Business professor to discuss effects of workaholism at management conference

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Later this summer, Penn State Scranton Assistant Professor of Business Jiexin Wang, Ph.D., will discuss the corrosive effects of workaholism at one of the country’s most prestigious management conferences.

At the 79th annual meeting of the Academy of Management (AOM), set for Aug. 9-13 in Boston, Wang will co-chair a symposium titled, “Understanding Consequences of Workaholism: Mechanisms, Boundary Condition, and Cross-level Effects.”

And, as part of the symposium, Wang and two fellow researchers will present their study, “The Effect of Leader’s Workaholism on Subordinates’ Work Overload and Performance: Examining Leader-member Exchange as a Moderator.”

Wang has been an active AOM member and conference reviewer since 2011.

“I am excited about the opportunity to connect with prestigious scholars in the field so that we can move the field forward,” she said. “Although research on workaholism has made significant progress in recent years, there is a critical need and broad opportunities for increased development in this area of important research.”

During the symposium, Wang and her co-chairs will present five empirical studies investigating how and when workaholism exerts detrimental effects on individual performance in the workplace.

The studies, including her own, will examine workaholism’s consequences in relation to employee health, job satisfaction, perceived work overload, job performance and changes in workaholism from the perspective of employee spouses.

Following the presentations, there will be a discussion geared around the issues raised in the studies, which were conducted by research teams from the United States, China and Italy.

As co-chair, Wang will facilitate discussion on the future of workaholism research and solicit comments from the audience. 

In today’s business world, companies and organizations are now meeting their increasingly growing demands by being far more reliant on a workforce that’s capable and willing to work “excessively hard,” Wang said.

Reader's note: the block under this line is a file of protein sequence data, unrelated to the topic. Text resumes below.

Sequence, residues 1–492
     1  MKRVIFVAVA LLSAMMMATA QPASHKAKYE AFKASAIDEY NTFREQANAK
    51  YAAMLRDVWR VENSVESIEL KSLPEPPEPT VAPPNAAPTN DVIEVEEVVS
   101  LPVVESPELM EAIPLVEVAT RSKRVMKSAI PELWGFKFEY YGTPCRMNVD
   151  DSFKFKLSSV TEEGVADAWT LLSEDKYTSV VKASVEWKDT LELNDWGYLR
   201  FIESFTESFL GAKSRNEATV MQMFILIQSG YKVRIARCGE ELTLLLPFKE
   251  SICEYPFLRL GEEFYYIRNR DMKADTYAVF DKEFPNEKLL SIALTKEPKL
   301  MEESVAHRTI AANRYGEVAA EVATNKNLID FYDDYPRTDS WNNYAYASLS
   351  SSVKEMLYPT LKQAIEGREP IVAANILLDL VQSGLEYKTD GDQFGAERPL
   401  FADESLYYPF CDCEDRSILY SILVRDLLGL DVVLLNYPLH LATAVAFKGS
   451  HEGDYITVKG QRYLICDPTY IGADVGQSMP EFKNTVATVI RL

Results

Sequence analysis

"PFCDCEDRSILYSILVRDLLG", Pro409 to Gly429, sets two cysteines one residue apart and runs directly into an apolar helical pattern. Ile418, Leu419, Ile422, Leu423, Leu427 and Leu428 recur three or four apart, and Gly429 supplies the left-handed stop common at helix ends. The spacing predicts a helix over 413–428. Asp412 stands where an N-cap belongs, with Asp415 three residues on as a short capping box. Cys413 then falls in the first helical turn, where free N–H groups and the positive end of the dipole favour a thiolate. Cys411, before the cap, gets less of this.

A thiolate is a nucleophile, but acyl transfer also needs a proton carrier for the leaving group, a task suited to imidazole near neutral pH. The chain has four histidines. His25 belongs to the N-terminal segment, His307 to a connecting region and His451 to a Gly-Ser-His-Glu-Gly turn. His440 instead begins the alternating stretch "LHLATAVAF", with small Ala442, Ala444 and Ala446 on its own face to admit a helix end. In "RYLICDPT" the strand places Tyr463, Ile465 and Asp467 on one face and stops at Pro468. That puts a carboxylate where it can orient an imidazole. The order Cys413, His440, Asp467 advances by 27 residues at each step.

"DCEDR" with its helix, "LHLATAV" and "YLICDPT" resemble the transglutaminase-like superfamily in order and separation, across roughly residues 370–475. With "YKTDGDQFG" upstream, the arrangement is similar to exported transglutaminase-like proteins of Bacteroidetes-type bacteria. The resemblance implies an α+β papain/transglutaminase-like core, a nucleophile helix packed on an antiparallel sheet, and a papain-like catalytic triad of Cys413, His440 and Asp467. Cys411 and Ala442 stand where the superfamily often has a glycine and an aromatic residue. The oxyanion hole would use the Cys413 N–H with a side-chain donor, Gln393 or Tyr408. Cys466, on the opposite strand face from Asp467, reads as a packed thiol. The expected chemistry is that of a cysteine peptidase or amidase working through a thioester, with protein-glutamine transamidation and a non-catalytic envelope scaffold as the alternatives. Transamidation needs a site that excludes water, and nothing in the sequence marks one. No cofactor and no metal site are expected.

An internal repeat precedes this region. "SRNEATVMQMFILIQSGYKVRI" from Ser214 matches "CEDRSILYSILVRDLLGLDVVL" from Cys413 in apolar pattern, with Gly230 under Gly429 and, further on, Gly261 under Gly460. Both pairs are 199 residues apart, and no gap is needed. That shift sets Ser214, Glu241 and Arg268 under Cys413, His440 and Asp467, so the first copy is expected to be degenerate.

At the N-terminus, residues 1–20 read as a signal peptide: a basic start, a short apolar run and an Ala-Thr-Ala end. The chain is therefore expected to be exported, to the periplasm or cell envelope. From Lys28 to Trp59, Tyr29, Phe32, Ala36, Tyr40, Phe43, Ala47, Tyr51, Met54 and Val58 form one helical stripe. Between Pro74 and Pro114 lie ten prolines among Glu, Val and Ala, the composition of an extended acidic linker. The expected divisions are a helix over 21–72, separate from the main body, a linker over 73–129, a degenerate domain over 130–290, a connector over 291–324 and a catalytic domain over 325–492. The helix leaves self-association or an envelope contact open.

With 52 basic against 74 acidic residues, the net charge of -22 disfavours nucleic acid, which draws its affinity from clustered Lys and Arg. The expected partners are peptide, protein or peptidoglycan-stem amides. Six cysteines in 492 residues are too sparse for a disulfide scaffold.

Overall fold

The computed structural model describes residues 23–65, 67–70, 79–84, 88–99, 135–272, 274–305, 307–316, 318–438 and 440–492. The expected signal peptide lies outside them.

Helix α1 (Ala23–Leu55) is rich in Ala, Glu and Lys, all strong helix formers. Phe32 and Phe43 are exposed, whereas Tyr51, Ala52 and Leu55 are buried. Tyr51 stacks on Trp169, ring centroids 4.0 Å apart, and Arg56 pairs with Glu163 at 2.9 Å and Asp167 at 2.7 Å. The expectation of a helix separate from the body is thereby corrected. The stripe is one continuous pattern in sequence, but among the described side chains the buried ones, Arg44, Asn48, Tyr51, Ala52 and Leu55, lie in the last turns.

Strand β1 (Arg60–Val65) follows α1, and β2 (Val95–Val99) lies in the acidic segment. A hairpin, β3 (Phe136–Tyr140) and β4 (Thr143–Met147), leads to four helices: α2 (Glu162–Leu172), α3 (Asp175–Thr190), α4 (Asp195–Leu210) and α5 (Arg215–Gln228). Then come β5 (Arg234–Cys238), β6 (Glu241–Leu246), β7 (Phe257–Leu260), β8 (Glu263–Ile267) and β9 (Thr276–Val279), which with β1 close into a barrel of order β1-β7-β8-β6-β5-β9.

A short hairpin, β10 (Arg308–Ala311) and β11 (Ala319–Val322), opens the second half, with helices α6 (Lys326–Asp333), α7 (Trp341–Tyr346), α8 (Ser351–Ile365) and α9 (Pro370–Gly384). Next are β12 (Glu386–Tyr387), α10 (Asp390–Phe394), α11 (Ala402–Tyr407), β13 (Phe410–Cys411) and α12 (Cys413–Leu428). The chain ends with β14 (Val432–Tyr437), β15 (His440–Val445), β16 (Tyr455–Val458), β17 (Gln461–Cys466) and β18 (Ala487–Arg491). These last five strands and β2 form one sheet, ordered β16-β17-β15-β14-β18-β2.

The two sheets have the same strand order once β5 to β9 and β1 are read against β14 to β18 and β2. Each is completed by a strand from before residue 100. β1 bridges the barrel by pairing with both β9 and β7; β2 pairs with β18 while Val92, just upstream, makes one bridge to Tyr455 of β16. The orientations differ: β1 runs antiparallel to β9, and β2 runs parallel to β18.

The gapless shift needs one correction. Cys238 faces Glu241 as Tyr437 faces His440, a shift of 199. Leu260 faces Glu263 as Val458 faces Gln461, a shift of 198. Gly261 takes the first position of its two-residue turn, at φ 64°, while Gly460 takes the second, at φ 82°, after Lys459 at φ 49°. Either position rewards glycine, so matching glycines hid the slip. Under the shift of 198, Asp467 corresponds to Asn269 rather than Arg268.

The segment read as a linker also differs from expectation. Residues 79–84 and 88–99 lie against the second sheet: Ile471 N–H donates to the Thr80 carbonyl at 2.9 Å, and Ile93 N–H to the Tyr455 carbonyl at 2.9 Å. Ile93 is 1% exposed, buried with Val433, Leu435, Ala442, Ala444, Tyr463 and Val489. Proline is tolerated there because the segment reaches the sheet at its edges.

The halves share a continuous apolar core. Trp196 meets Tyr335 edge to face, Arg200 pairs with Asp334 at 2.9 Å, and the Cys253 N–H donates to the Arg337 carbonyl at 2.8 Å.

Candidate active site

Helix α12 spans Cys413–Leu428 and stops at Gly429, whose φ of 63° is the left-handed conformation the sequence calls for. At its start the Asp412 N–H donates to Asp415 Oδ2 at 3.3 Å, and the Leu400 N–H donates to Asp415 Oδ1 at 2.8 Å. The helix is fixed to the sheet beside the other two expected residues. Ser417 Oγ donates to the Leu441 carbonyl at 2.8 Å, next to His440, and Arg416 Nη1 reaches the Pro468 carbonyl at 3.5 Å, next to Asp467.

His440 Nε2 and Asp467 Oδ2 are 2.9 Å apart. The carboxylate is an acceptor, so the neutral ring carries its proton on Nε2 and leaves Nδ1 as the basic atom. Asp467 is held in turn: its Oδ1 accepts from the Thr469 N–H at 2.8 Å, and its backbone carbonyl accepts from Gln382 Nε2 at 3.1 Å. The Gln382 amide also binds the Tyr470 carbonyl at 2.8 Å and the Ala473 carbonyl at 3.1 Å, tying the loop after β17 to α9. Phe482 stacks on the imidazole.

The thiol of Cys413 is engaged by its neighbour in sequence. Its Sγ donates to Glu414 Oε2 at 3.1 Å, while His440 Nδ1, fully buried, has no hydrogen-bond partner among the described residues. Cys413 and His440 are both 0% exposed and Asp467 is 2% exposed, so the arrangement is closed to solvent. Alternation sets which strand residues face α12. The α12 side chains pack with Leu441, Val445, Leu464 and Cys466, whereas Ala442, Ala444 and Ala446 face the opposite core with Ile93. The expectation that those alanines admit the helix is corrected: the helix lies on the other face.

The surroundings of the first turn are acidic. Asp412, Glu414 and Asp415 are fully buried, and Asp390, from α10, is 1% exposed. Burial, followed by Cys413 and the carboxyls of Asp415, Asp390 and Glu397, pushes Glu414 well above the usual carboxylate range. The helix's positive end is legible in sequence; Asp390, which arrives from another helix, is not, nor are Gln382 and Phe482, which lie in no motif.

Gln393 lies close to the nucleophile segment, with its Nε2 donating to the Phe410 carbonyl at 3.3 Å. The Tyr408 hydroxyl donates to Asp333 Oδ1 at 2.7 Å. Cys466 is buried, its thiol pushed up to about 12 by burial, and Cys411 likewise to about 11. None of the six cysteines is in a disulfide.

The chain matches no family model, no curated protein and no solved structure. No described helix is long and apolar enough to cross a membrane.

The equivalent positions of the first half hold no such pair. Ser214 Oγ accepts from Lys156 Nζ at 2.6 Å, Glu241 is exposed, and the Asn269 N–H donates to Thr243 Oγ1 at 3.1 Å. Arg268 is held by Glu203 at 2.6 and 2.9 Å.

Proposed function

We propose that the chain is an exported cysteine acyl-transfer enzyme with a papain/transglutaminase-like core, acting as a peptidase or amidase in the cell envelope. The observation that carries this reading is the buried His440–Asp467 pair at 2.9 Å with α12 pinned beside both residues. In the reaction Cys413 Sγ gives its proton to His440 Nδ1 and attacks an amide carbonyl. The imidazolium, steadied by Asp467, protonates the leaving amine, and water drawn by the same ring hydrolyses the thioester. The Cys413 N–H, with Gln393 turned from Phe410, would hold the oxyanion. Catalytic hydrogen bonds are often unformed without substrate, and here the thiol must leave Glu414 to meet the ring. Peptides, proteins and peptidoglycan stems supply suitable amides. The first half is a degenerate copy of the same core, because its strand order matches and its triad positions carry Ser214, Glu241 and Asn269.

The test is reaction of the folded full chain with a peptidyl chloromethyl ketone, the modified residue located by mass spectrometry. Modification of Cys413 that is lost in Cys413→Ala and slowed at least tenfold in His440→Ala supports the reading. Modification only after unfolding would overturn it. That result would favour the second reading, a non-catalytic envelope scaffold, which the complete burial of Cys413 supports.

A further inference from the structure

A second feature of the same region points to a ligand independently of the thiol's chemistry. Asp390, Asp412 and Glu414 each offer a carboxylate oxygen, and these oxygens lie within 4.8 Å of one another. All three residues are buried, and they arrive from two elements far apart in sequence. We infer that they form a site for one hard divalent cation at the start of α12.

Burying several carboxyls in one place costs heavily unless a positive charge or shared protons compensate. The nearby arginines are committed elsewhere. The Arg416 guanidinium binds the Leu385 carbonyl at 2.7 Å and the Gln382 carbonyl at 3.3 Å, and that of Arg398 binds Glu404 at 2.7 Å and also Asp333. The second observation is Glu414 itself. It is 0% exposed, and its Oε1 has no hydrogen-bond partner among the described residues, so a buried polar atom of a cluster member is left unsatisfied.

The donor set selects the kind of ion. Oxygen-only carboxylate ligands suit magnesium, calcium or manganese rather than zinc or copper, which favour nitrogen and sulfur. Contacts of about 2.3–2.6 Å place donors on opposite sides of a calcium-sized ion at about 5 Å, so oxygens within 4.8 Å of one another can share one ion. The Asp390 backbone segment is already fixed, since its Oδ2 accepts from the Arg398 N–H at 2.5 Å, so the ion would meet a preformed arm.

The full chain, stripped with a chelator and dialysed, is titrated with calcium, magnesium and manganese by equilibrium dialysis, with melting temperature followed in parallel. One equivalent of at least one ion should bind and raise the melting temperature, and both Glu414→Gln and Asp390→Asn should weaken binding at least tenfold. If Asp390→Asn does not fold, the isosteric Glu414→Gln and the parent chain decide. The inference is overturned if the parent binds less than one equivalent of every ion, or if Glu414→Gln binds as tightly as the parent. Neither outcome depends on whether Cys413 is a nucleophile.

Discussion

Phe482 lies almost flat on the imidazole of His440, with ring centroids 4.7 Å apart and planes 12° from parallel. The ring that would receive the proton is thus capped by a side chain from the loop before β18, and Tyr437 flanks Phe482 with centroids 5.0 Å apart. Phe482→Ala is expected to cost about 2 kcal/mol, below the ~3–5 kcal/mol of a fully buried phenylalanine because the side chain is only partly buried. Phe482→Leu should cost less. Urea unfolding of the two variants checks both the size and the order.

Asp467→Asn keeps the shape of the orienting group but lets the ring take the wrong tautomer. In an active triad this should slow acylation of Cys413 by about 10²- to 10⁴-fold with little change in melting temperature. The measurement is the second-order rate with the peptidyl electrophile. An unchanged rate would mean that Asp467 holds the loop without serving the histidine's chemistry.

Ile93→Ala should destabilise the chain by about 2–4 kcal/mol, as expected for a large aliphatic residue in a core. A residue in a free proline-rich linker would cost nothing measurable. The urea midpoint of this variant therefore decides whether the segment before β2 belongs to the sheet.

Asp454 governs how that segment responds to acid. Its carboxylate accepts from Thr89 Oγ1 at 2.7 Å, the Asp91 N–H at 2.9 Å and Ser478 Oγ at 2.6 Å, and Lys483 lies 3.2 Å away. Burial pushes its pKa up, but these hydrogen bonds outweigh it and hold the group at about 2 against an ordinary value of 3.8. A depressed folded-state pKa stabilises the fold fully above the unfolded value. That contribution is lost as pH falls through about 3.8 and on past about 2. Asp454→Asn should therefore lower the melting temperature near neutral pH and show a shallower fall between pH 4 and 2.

This phenomenon has led to an increase in grooming and recruiting managers who display high levels of workaholism, which, according to Wang, is defined as “those who work harder than their job descriptions require and put much more effort into their jobs than is expected.”

“Although conventional wisdom has often associated ability for working excessively hard with leadership abilities, an unintended paradox may face the organization,” Wang said.

Using samples from the U.S., the Philippines and China, Wang and her collaborators found that having a workaholic supervisor may negatively impact an employee’s performance due to, among other things, the attention subordinates pay to a manager’s behavior in terms of things like role modeling tendencies and signaling high workload expectations.

“When followers develop good, quality relationships with workaholic leaders, they are more likely to be adversely affected by leader workaholism, with increased levels of perceived work overload and reduced productivity,” Wang said.

With their findings, Wang and her collaborators intend to provide a guide to managing the information leaders may send through their workaholic tendencies. For the sake of practical implications, it’s important to understand what makes workaholics role models, according to Wang.

Instead of modeling the imbalance between their professional and personal lives, workaholic leaders should instead model behaviors like living authentically or aligning their values with their actions, Wang said.

“Being a leader means helping his or her people to achieve authenticity in their own work and personal lives,” Wang said. “When over-investment at work does not reflect their values, employees will feel overloaded and their productivity goes down. Instead of modeling hardworking behaviors and having no life outside of work, workaholic leaders should enable employees to feel authentic by knowing what is most important to them in their work and personal lives.”

“Managers need to help employees take responsibility for their choices,” she continued. “After all, people tend to find a sense of fulfillment from being true to themselves.”

In recent years, Wang has progressively widened her research pipeline. Currently, her collaborators include reputable scholars from China (Tsinghua University in Beijing; Shanghai University of Finance and Economics), Australia (Monash University in Melbourne) and the U.S. (University of Illinois at Urbana-Champaign).

Wang credits her cross-cultural perspective for allowing her to bring together far-flung scholars who share similar research interests.

“Most importantly,” she said, “I am thankful for the many kinds of resources provided at Penn State, which allows me to synergize my global-wide resources.”